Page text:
Kenig Residence StairsEclectic Staircase, New York
What Houzz contributors are saying:
The InterviewThis is your chance to personally introduce yourself and your brand. Most clients who commit to a face-to-face interview have perused your website, have read your firm bio and are familiar with the type of work you’re capable of doing. Try not to reiterate what you’ve already said on your website. Clients are looking for a deeper connection and reasons to hire you. The interview is really a chance to accomplish three things:Information gathering. This is a chance for you to listen to your potential client describe the design problem in his own words and for him to ask you questions. He is gathering information to make an informed decision. Your skill as an architect or designer is directly tied to how well you frame the problem. Be sure to listen to what he is saying (and not saying) and take notes. Be conversational, show genuine interest and ask (as well as answer) questionsDescribe your process. This is your chance to offer the client a taste of what it will be like working with you, so make it interesting. Pull back the curtain and offer her an experience. Walk her through your design process. (This is a good way of working your portfolio into the interview without its seeming like grandstanding). Doing this educates the client on the way you work, and it removes some of the tension from the room. Talking about what you love to do should incite passion and confidence in you and (by design) the client. Most people are unfamiliar and intimidated by the process of working with an architect or a designer — this is an opportunity for you to set the client at ease.Chemistry. Perhaps most important, the interview is a chance for both of you to gauge personal chemistry. Very few clients will hire you without feeling a personal connection to you. The interview is a chance for both parties to size each other up. You’ll be designing the places, objects, materials, fabrics and furniture that the client will interact with daily. That’s a deeply emotional process and one that can span many months or even years. You both have to be comfortable with each other.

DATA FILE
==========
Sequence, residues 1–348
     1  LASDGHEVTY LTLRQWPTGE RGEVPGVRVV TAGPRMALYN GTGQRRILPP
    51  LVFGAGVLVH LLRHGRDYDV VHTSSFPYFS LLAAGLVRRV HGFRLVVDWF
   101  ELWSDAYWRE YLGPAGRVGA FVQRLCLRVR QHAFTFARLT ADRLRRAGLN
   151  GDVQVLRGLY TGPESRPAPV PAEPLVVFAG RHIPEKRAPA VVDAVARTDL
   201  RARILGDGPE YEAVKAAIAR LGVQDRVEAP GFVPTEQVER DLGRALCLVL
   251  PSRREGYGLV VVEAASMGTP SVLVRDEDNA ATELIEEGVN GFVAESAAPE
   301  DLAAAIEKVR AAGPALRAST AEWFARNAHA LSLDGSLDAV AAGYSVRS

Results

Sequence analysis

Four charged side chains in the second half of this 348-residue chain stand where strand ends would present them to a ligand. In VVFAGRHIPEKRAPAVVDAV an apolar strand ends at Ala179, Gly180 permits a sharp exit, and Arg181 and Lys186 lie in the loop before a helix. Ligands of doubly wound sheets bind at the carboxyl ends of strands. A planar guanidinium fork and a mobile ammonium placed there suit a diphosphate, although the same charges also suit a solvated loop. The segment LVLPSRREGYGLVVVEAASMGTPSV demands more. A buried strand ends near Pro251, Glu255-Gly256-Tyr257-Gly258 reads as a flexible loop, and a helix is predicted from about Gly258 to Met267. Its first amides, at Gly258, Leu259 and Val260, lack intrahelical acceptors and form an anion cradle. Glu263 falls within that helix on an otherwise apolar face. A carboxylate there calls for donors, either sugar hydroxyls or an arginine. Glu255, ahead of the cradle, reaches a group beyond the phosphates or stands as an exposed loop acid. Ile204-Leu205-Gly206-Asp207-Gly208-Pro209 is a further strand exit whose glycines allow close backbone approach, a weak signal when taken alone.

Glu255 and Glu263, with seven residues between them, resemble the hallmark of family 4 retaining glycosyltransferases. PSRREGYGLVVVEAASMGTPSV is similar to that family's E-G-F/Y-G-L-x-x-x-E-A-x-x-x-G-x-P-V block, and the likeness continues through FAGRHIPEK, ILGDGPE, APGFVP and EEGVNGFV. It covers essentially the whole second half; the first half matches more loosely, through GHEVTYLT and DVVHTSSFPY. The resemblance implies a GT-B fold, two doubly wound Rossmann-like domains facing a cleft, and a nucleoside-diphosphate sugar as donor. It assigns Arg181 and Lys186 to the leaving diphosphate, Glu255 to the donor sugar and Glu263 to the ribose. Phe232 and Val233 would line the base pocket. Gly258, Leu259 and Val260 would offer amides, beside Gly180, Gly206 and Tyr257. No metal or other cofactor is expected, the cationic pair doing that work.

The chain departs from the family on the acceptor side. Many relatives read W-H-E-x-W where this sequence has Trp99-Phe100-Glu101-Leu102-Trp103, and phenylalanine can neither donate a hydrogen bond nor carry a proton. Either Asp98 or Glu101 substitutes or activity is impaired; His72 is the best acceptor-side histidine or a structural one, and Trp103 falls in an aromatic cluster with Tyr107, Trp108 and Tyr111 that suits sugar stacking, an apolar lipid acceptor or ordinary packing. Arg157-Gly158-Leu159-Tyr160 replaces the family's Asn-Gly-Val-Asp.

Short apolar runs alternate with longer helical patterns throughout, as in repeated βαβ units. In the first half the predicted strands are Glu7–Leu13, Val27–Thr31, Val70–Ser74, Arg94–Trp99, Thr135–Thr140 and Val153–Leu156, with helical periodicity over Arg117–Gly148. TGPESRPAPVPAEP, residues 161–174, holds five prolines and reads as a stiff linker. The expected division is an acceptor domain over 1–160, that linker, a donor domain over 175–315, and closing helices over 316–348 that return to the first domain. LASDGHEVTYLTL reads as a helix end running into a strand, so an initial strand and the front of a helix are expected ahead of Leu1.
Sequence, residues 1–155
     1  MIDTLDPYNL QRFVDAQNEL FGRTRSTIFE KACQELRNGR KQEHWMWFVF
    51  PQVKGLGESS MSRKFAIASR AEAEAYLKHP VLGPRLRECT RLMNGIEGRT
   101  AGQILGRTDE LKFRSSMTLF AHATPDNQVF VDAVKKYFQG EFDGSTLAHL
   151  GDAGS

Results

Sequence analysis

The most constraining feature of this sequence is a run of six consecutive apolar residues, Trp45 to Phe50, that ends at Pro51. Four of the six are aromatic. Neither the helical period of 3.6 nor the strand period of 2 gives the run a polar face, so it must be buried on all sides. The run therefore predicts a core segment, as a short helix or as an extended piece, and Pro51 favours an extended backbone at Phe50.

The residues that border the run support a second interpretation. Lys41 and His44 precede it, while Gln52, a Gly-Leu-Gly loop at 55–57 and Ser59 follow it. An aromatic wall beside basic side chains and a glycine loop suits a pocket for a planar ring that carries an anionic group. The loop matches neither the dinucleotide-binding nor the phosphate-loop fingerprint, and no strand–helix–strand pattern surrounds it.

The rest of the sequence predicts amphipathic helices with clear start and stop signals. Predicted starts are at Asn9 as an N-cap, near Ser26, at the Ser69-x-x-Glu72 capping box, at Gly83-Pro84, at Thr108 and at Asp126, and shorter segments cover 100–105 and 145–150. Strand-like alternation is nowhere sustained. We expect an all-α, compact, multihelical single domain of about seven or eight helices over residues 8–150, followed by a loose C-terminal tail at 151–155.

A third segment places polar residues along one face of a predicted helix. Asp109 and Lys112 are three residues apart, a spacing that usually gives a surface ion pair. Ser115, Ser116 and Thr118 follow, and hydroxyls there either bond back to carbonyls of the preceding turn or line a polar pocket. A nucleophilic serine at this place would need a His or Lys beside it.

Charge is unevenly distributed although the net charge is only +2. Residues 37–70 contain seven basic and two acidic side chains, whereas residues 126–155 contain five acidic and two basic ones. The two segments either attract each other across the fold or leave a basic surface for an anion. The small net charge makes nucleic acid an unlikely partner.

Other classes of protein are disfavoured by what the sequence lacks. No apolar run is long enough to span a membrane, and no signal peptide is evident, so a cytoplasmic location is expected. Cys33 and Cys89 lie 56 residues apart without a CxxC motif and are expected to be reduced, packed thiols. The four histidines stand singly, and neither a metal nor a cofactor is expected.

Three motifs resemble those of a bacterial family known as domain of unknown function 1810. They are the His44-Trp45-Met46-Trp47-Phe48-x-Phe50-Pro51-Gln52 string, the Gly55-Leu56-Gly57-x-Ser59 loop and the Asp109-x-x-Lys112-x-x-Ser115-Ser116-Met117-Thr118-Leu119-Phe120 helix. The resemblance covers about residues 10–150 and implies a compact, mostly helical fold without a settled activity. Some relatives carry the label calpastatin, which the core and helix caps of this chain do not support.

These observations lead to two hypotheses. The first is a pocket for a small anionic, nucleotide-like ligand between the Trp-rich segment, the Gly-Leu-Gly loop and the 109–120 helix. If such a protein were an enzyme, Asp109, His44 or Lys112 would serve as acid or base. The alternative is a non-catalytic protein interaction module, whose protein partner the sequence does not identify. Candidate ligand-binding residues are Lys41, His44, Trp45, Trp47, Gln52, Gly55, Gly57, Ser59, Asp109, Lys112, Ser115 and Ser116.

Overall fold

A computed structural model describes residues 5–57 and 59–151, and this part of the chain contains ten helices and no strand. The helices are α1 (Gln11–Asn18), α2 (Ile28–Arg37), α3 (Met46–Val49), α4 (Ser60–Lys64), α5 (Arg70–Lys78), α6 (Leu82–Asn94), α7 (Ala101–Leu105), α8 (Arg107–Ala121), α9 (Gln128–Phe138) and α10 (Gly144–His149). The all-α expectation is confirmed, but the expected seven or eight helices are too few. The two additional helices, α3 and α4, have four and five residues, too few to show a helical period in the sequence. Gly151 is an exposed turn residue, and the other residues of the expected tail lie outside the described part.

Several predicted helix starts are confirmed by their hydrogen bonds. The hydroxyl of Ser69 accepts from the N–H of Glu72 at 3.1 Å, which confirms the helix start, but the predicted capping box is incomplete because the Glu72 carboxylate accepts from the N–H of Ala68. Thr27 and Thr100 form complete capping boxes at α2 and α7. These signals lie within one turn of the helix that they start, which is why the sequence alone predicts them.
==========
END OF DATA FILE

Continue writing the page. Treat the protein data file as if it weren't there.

The architects at Slade Architecture in New York gave a family the ability to display a large number of photos in an asymmetrical display by lining a stair wall in metal, which allows the photos to be attached by magnets. The fact that they are all color images brings them together and makes a very personal work of abstract art.Mughannam has achieved similar results with magnetic paint, a primer with very fine iron particles that allows lightweight magnets to stick to the wall after the topcoat is applied. “This kind of paint can be tricky for homeowners to apply, because it takes many, many coats,” says Mughannam. “If you are doing it yourself, it is easier to deal with if you apply to a board and hang that on the wall.”